How to Pick Key Resume Words That Will Boost Your Shot at an Interview


Woman holding resume

Evangelia Leclaire
Evangelia Leclaire
Nearly every employer requires job candidates to submit a resume as part of a job application. In ideally one page, but no more than two, a resume showcases a job applicant’s qualifications, skills, experience, education, and community involvement. Since the job market is extremely competitive, it’s important for a job seeker to make sure a resume is as relevant as possible. And one major way of increasing your resume’s effectiveness is through the use of “buzzwords.”
Before the advent of applicant tracking system (ATS) technology, a candidate’s resume only needed to stand out to impress a hire manager or human resources professional. Their judgment — as well as the weight of your achievements, of course — would determine whether you moved on to the next phase in the hiring process. But now, as technology becomes a more and more essential part of streamlining the hiring process, once a resume is submitted, it goes through an ATS to identify candidates whose resumes are relevant based on pre-determined keywords and buzzwords. So, as if job searching weren’t difficult enough, it just got a little bit harder.
Employers don’t want to waste their time on job seekers who simply submit their resumes to dozens of job postings, or who are in no way qualified for the role. Thus, the targeted use of specific and applicable resume words is more important than ever. Relevant keywords are often found in the job description of the position you’re applying to, or they are buzzwords typical to the industry. You should use buzzwords that are the familiar to the person who will be reviewing your resume — typically a hiring manager or recruiter.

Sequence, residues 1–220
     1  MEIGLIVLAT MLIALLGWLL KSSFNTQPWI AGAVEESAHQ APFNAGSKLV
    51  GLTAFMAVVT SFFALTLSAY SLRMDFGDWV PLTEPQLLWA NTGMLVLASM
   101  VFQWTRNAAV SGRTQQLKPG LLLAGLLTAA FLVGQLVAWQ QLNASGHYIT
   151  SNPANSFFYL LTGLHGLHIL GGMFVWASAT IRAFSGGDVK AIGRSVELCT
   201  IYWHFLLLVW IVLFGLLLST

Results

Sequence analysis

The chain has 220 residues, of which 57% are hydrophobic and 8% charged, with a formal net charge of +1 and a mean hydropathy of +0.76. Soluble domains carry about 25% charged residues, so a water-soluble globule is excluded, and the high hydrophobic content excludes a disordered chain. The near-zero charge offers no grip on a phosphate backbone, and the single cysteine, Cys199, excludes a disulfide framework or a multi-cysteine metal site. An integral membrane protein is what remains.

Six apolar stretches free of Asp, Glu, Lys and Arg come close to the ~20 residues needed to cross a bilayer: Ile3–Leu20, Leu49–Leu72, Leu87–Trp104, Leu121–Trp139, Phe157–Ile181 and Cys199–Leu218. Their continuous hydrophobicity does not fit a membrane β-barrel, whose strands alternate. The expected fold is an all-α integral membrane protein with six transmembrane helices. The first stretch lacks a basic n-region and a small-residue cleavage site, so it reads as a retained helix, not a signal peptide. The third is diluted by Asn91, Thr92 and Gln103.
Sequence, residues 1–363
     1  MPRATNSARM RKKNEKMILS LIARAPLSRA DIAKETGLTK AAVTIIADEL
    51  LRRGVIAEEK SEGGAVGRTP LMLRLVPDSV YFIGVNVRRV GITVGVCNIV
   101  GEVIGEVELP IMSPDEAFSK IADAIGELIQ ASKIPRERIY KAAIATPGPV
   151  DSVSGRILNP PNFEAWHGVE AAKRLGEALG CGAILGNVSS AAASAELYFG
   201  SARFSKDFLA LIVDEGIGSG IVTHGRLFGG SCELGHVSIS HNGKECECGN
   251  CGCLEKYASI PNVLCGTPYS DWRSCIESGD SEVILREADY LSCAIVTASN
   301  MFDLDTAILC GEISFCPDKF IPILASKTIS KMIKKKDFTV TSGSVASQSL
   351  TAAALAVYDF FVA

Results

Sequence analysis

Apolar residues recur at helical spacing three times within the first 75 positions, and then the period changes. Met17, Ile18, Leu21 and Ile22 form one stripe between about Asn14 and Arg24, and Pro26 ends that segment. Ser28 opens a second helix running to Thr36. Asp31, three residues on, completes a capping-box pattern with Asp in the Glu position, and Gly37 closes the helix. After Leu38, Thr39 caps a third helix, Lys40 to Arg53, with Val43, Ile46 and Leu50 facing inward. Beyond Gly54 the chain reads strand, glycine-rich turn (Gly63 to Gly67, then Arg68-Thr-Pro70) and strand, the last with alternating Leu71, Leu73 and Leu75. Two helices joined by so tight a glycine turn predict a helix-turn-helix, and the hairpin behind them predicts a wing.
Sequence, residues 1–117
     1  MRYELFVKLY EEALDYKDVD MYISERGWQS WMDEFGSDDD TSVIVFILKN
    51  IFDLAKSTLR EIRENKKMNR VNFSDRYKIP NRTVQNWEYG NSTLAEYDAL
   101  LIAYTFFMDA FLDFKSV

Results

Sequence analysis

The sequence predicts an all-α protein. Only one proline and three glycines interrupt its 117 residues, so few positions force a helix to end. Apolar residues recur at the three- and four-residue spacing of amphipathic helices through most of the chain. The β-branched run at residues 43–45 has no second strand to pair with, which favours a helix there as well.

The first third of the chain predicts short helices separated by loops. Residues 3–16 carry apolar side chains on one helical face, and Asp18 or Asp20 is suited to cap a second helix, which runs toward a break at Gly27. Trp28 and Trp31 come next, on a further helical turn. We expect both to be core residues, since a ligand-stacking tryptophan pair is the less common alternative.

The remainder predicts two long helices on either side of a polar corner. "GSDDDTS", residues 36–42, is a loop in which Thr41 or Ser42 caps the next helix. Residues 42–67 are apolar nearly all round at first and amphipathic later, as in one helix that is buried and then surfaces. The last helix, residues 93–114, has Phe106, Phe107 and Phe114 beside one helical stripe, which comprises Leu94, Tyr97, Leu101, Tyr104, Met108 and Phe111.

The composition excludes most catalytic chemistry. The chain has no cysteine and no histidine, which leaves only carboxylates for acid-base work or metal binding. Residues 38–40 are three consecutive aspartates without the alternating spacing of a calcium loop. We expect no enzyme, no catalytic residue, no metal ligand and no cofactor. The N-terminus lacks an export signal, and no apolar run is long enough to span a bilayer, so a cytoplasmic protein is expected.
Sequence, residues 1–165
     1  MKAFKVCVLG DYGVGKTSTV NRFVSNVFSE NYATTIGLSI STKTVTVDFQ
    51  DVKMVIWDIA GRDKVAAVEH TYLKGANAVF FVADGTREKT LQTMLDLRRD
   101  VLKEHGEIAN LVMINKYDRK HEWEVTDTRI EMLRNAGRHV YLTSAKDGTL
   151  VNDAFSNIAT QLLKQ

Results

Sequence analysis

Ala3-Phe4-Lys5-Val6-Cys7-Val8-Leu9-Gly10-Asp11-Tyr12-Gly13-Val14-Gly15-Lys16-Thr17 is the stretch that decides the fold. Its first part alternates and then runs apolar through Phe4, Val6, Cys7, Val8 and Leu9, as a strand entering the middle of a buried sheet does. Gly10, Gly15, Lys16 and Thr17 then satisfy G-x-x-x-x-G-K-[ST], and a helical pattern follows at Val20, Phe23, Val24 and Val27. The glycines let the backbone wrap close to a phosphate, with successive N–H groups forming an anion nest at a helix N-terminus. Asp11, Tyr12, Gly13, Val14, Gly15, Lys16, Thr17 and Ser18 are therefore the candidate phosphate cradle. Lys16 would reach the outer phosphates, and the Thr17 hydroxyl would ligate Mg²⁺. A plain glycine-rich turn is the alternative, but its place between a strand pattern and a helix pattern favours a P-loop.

If you have your resume written for both the human reader and the ATS, you can use this new technology to your benefit. By carefully customizing your resume and including keywords and buzzwords relevant to the job description, your resume will make it a lot closer to the top of the stack.
But what buzzwords should you use?
First and foremost, when you think about which resume words to include, you have to be familiar with the buzzwords within the industry for which you are applying. One super useful tool to help you figure these out is Through simple copy and pasting, the site will scan both your resume and a job description and see how the keywords compare; words you haven’t included will be populated for you. It goes without saying that the most-used keywords are also the most relevant to that future job opportunity, and that they should definitely be added to your resume!
Additionally, keywords have the added bonus of helping you tighten and consolidate your resume, as a single, relevant word can often imply a whole range of experiences and skills. Think of the keyword “sales,” for instance. When a potential employer sees that on your resume, they’ll also be seeing the implied skill set and accomplishments that go with it — customer service aptitude, negotiating ability, communication skills, customer relationship management, new product introduction, and more. Of course, you should extrapolate on your experience a bit more than simply writing “sales” alone, but know that small words can still carry a big impact.
Of course, keywords vary greatly based on your industry. Below, we’ve highlighted an example so you can get a better feel for what these words look like.
Keywords and phrases for marketing positions:
- SEO (or search engine optimization”
- Google Analytics
- Digital marketing
- CMS (or content management systems)
- CRM skills (or customer relationship management)
- Mobile marketing
- Lead nurturing
- Email marketing
- UX design